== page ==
Could you pack more into your day if you did everything at your own optimal time? Maybe you’d even enjoy your job more.
How many times have you heard someone sigh and say, “If only there were more hours in a day…”?
You may even be guilty of uttering these words yourself; I know I am. But what if the number of hours in a day wasn’t the issue? Instead, what if it was the ways (and times) we’re choosing to spend those precious 24 hours?
Last week, The Wall Street Journal posed an interesting question: Could you pack more into each day if you did everything at the optimal time?
Sue Shellenbarger, author of the article, examines a growing body of research that suggests paying attention to the body clock can pinpoint the times of day when we’re at our best.
It makes sense. For example, I know I’m most alert and creative early in the morning, so I often wake up long before most people to answer emails and write blog posts and freelance articles. While it’s great that I’ve identified this specific time of day as when I’m able to complete my best work, it also means that I’m dragging by 3 p.m.
Apparently I’m not the only one with this problem. The article points to recent research out of Penn State University that shows most people are easily distracted from noon to 4 p.m., which we often attribute to the post-lunch slump. We’ve all been there, right? That fuzzy feeling after a good mid-day meal when you’re sitting at your desk but dreaming of your bed. Don’t worry. That’s normal too; Circadian, a training and consulting firm, found sleepiness tends to peak around 2 p.m., which makes it an excellent time for a nap.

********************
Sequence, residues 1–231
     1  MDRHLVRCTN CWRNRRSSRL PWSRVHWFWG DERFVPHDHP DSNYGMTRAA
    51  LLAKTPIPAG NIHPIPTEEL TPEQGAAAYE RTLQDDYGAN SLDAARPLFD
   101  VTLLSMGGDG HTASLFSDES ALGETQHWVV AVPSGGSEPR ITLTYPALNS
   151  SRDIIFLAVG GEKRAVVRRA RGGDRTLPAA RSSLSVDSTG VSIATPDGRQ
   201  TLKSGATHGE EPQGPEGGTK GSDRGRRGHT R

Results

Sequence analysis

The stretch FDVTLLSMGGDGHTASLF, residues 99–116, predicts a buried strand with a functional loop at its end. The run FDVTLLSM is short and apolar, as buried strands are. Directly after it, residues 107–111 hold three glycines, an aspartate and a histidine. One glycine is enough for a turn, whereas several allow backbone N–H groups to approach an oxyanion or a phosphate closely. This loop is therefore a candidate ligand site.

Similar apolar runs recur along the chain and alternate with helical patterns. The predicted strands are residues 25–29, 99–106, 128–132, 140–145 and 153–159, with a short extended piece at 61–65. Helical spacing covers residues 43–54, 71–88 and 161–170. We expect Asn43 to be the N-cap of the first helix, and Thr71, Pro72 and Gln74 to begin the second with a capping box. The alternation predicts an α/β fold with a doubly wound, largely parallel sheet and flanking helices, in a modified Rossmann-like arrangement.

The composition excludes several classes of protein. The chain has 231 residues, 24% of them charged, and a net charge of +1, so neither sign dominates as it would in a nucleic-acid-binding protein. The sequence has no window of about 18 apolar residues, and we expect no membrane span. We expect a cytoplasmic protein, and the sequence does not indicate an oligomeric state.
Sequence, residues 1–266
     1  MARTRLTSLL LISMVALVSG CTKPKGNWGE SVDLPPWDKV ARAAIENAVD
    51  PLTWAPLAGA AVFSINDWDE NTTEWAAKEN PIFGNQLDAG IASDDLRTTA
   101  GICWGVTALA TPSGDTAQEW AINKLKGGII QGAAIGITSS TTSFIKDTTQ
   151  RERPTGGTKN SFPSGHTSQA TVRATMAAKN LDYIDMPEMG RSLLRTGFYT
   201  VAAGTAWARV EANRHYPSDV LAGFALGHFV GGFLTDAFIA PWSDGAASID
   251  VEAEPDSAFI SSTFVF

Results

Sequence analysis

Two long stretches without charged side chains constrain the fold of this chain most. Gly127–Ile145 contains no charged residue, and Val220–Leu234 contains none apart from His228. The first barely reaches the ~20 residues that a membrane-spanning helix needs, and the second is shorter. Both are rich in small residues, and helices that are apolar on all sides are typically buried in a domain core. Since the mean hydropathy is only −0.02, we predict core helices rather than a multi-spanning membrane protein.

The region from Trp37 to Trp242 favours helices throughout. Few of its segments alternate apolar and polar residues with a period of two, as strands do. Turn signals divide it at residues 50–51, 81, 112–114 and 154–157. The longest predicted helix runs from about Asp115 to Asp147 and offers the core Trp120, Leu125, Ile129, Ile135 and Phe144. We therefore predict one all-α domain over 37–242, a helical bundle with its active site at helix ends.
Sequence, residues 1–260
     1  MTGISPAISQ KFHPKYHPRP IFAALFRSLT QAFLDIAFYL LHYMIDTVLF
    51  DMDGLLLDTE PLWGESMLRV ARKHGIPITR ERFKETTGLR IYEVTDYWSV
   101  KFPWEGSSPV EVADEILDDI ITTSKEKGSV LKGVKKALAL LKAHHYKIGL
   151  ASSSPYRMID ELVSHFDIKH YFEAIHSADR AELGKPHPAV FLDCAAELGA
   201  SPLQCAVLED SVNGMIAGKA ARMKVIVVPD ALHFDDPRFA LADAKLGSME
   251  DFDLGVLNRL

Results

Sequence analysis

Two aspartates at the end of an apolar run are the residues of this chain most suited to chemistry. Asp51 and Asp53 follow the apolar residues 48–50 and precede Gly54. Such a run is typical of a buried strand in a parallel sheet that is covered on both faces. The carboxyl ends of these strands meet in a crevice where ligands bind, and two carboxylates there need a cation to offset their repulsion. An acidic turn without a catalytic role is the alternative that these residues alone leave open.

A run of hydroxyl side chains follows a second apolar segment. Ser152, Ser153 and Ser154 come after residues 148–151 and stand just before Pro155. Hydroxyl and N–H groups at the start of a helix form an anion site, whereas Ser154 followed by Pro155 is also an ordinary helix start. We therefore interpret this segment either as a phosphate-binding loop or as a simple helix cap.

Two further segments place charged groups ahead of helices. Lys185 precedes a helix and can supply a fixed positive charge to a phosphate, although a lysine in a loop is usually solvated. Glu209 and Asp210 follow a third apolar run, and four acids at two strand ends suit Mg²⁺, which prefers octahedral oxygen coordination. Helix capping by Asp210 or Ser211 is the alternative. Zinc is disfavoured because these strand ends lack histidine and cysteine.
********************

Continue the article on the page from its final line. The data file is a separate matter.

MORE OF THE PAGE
If only we could take that 2 p.m. nap or move that pesky recurring conference call from 3 p.m. to 6 p.m., a time when most “evening people” are beginning to peak. Of course, the traditional nine-to-five job calls for employees to be seated at their desks, working for those eight business hours. But what if there was a way to schedule our work day around when we’re at our personal best?
There’s definitely an argument here to be made to employers. Wouldn’t you want your employees working at the times when they’re most productive, even if it doesn’t fall within traditional business hours? With more Gen Y employees seeking non-traditional work arrangements and personal freedom, could flexible work hours be the answer to keeping them around longer?
Think about it this way: if you allow your employees to work when they‘re most alert and creative, they’ll certainly be more satisfied with their jobs and in turn, their work will likely improve, making your life easier.
What do YOU think? Could you pack more into your day if you did everything at your optimal time?
Jessica Lawlor is a public relations professional and freelance writer in the Philadelphia area.